The South Jordan City Council declined to take action on a school district split, allowing the deadline for placing the issue before voters to pass.

SOUTH JORDAN — The proposed creation of a South Jordan School District was put to rest Tuesday as the City Council voted against placing a school district split on November's ballot.

The council previously accepted a written agreement joined by members of the Jordan Board of Education and neighboring city mayors that calls for greater collaboration and cooperation between school and city officials.

With the deadline for creating a ballot question falling on Tuesday, the council's unanimous vote effectively ends talk of a district split for at least one year.

"There’s no point in putting it on the ballot if the school district has signed the interlocal (agreement)," South Jordan City Councilman Chuck Newton said. "It was, in essence, a done deal."

The written agreement accepted by the various parties extends for one year, at which point officials have the option to renew, revise or allow it to expire.

Newton said the concerns that prompted talk of a district split are still facing the district, such as the need for new school buildings and the district's management of facilities and funding.

He said that with the signing of the interlocal agreement and the decision by city leaders to preserve the district intact, the real work will now begin.

"We haven’t solved anything. We’ve just started down the road of more problems," Newton said.

But he added that school officials have given their assurances that they will work to provide more transparency to city leaders and residents, and to work in collaboration for future construction and funding plans.

"If they can perform as they’ve said that they would, then as we revisit it, we’ll probably consider staying with the Jordan School District," Newton said.

Last week, South Jordan's City Council was presented with the results of a study commissioned to review the feasibility of forming a separate school district.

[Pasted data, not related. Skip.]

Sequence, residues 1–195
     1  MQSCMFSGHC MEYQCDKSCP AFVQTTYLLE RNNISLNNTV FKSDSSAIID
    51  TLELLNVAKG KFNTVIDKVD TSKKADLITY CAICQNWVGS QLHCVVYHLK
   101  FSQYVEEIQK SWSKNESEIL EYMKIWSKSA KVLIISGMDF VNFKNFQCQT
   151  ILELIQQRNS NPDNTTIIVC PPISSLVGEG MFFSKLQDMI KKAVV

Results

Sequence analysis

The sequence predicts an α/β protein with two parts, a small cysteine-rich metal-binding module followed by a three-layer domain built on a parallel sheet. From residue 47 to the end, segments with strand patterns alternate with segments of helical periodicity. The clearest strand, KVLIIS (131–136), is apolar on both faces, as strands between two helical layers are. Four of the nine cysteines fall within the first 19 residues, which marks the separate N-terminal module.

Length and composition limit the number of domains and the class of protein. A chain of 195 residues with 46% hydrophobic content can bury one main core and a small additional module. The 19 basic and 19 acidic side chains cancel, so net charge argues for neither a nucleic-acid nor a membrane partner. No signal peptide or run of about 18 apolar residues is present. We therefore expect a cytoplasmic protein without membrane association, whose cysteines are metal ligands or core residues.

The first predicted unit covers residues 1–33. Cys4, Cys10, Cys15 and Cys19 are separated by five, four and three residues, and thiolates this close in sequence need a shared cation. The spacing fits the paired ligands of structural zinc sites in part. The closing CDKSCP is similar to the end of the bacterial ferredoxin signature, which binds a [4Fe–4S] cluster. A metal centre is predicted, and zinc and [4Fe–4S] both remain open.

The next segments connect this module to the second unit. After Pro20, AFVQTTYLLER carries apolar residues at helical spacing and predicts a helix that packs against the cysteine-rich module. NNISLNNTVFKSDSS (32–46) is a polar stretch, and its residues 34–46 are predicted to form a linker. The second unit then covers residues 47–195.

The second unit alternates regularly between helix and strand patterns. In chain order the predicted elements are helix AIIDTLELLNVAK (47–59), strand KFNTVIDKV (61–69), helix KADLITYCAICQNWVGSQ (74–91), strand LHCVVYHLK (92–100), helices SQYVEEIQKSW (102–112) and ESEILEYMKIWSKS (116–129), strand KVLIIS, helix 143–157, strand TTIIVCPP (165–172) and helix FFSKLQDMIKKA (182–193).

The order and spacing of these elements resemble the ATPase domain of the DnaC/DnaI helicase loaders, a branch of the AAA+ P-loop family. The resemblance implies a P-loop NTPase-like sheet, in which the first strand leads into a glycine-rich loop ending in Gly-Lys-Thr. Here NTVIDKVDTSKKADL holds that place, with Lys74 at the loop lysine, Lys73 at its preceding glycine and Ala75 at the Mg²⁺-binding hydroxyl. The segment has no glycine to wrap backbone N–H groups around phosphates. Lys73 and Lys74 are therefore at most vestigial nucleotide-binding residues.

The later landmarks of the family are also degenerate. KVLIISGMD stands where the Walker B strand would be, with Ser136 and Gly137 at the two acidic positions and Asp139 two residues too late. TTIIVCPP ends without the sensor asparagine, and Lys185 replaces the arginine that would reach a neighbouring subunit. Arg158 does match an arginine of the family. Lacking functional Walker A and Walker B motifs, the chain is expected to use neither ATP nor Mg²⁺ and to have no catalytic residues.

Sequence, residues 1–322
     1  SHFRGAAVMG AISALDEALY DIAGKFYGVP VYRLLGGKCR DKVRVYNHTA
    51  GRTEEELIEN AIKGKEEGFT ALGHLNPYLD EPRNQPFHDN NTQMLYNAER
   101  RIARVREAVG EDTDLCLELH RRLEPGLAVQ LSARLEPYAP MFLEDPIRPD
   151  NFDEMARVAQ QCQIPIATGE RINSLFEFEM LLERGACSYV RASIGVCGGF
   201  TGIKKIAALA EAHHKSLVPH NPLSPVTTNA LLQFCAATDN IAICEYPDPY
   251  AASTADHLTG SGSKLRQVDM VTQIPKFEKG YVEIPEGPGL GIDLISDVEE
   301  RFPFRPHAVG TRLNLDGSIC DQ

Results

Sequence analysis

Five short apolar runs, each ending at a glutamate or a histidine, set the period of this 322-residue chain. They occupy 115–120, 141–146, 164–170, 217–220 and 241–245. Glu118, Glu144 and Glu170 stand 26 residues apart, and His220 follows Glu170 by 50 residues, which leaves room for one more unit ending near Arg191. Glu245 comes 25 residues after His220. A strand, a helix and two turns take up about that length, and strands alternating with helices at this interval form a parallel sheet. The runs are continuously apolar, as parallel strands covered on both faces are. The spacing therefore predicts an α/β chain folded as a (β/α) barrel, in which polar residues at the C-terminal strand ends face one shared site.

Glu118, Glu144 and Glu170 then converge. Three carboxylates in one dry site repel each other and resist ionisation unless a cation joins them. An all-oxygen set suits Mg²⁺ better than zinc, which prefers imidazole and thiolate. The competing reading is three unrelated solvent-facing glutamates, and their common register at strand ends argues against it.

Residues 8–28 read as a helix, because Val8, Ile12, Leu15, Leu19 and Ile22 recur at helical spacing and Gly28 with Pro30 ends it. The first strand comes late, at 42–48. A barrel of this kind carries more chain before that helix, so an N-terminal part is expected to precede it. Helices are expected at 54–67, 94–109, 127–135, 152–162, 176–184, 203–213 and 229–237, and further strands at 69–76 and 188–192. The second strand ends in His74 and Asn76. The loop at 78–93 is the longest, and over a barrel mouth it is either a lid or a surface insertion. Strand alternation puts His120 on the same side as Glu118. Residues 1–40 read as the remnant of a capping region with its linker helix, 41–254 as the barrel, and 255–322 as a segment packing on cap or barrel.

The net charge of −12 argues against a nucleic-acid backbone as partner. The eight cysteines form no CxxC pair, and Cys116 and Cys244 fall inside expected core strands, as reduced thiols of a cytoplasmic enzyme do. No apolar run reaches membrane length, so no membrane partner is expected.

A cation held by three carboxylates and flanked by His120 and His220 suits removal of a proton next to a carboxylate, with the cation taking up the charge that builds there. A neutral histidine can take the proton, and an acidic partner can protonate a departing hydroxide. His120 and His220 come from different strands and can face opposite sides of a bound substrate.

The study found that South Jordan residents would likely face a higher tax burden than if the city remained with the Jordan School District, and the new district would potentially have less revenue per student as a result of local, state and federal funding formulas.

School board member Kayleen Whitelock says she looks forward to developing a good relationship with the South Jordan City Council. She said students will be better served as city and school officials collaborate.

"There are areas that I think we can work together that could save taxpayers money by having some mixed-use ventures," Whitelock said.

The board is working toward creating a five-year plan for the district — one of the requests in the interlocal agreement — and is looking at cost-effective ways to address student enrollment growth and crowded classrooms, she said.

But the most pressing issue, Whitelock added, is ensuring that the district's children receive a high-quality education.

"I feel that our current board is wanting and willing to work with the cities, and I hope that they see that," she said. "I hope that they see from our actions that we’re serious and we do want to be partners and we want to do what’s best for students and taxpayers."

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